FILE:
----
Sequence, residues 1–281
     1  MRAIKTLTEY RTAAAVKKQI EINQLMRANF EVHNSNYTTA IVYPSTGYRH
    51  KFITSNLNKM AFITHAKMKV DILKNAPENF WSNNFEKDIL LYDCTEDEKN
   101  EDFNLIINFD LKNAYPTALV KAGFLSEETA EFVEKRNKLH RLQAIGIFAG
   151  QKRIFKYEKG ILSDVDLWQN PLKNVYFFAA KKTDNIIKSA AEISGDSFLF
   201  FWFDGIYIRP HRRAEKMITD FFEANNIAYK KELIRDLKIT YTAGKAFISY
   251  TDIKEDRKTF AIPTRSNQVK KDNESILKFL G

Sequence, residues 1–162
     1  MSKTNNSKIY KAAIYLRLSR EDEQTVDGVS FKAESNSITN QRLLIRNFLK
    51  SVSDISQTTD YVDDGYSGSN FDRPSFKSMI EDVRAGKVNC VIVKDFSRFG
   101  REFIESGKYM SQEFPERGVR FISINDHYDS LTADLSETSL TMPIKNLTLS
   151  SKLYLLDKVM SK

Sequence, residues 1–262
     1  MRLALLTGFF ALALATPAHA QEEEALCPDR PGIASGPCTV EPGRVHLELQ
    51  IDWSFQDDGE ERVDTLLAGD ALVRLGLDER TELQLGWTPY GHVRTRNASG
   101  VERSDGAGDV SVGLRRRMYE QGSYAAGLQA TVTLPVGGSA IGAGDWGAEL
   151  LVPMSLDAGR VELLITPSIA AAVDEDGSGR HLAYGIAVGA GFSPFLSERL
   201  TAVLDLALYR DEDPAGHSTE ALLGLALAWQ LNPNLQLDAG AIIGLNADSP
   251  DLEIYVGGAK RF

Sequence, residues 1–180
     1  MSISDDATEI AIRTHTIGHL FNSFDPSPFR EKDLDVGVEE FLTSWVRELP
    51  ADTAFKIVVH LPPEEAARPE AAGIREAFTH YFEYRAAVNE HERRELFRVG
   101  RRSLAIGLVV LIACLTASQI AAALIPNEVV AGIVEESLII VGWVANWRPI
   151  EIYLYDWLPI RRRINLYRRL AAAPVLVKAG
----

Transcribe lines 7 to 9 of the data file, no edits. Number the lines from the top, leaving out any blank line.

   251  TDIKEDRKTF AIPTRSNQVK KDNESILKFL G

Sequence, residues 1–162
     1  MSKTNNSKIY KAAIYLRLSR EDEQTVDGVS FKAESNSITN QRLLIRNFLK